This study, relying on observational data, paves the way for further controlled trials to ascertain dapsone’s role in pediatric ITP management and dosing concerns. Clinicians may look into the thoughtful use of dapsone, alongside other therapeutic avenues, which entails weighing the medication’s benefits against potential hemolytic side effects and methemoglobinemia, especially in patients with glucose-6-phosphate dehydrogenase deficiency.

Reference Link: https://doi.org/10.1111/bjh.19277

References

1. Anoop P. (2012). Immune thrombocytopenic purpura: historical perspective, current status, recent advances and future directions. Indian Pediatr., 49(10), 811-818.
2. Neunert C., Terrell D.R., Arnold D.M., Buchanan G., Cines D.B., Cooper N., et al. (2019). American Society of Hematology 2019 guidelines for immune thrombocytopenia. Blood Adv., 3(23), 3829-3866.
3. Schifferli A., Holbro A., Chitlur M., Coslovsky M., Imbach P., Donato H., et al. (2018). A comparative prospective observational study of children and adults with immune thrombocytopenia: 2-year follow-up. Am J Hematol., 93(6), 751-759.
4. Maltezou H.C., Petropoulos D., Choroszy M., Gardner M., Mantzouranis E.C., Rolston K.V., et al. (1997). Dapsone for Pneumocystis carinii prophylaxis in children undergoing bone marrow transplantation. Bone Marrow Transplant., 20(10), 879-881.
5. Piette E.W., Werth V.P. (2011). Dapsone in the management of the autoimmune bullous diseases. Dermatol Clin., 29(4), 561-564.
6. Durand J.M., Lefèvre P., Hovette P., Mongin M., Soubeyrand J. (1991). Dapsone for idiopathic autoimmune thrombocytopenic purpura in elderly patients. Br J Haematol., 78(3), 459-460.
7. Hill Q.A. (2015). How does dapsone work in immune thrombocytopenia? Implications for dosing. Blood., 125(23), 3666-3668.
8. Damodar S., Viswabandya A., George B., Mathews V., Chandy M., Srivastava A. (2005). Dapsone for chronic idiopathic thrombocytopenic purpura in children and adults – a report on 90 patients. Eur J Haematol., 75(4), 328-331.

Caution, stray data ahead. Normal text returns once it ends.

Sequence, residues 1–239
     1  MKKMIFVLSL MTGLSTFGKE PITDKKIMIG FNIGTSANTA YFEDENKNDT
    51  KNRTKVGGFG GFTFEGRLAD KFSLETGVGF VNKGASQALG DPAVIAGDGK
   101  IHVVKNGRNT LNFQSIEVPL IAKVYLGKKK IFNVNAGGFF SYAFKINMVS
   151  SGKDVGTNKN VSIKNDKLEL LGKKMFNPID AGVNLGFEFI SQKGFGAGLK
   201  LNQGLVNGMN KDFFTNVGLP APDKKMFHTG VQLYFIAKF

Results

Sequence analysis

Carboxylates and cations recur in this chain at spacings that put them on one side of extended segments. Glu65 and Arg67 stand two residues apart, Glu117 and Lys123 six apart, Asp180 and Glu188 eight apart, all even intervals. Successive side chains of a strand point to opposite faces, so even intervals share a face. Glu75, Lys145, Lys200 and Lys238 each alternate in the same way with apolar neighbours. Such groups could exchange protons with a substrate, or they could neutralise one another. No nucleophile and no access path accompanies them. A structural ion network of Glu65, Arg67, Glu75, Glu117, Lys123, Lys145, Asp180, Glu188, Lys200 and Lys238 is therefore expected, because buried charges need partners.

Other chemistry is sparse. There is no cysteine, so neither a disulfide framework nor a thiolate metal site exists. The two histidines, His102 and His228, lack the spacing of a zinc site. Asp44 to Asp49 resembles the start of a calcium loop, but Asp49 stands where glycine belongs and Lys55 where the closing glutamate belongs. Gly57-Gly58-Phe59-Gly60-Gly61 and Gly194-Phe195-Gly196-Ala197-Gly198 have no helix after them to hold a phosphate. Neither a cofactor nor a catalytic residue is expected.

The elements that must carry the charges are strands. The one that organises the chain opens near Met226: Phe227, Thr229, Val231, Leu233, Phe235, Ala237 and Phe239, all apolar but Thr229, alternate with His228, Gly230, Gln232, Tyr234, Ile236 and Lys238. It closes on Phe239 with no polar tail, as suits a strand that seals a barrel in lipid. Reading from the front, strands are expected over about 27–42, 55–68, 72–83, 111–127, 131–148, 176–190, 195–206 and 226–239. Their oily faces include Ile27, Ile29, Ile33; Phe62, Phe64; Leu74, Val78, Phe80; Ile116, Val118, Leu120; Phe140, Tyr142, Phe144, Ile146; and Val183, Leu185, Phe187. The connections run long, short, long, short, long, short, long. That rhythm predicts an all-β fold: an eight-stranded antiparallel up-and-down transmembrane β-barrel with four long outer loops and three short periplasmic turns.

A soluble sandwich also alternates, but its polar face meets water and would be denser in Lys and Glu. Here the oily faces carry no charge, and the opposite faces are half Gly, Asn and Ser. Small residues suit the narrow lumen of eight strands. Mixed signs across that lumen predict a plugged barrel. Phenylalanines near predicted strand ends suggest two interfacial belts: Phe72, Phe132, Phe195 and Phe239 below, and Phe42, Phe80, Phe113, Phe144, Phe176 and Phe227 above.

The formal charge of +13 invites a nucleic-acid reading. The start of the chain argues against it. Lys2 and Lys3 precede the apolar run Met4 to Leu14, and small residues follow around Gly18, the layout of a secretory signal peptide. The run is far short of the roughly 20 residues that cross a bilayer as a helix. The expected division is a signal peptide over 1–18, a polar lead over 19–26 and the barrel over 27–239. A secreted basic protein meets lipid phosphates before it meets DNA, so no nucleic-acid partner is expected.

9. Evim M.S., Baytan B., Güneş A.M. (2014). Childhood immune thrombocytopenia: long-term follow-up data evaluated by the criteria of the international working group on immune thrombocytopenic purpura. Turk J Haematol., 31(1), 32-39.
10. Grainger J.D., Locatelli F., Chotsampancharoen T., Donyush E., Pongtanakul B., Komvilaisak P., et al. (2015). Eltrombopag for children with chronic immune thrombocytopenia (PETIT2): a randomised, multicentre, placebo-controlled trial. Lancet., 386(10004), 1649-1658. https://doi.org/10.1016/S0140-6736(15)61107-2. Erratum in: Lancet. 2015;386(10004):1630.
11. Johnsen J. (2012). Pathogenesis in immune thrombocytopenia: new insights. Hematology Am Soc Hematol Educ Program., 2012, 306-312.
12. Patel A.P., Patil A.S. (2015). Dapsone for immune thrombocytopenic purpura in children and adults. Platelets., 26(2), 164-167.
13. Vancine-Califani S.M.C., De Paula E.V., Ozelo M.C., Orsi F.L.A., Fabri D.R., Annichino-Bizzacchi J.M. (2008). Efficacy and safety of dapsone as a second-line treatment in non-splenectomized adults with immune thrombocytopenic purpura. Platelets., 19(7), 489-495.
14. Zaja F., Marin L., Chiozzotto M., Puglisi S., Volpetti S., Fanin R. (2012). Dapsone salvage therapy for adult patients with immune thrombocytopenia relapsed or refractory to steroid and rituximab. Am J Hematol., 87(3), 321-323.

Note: This article is based on previously published studies and does not contain any new results. It’s important to ensure that the usage of dapsone follows current medical guidelines and to consult with healthcare professionals for potential side effects and appropriateness for pediatric patients.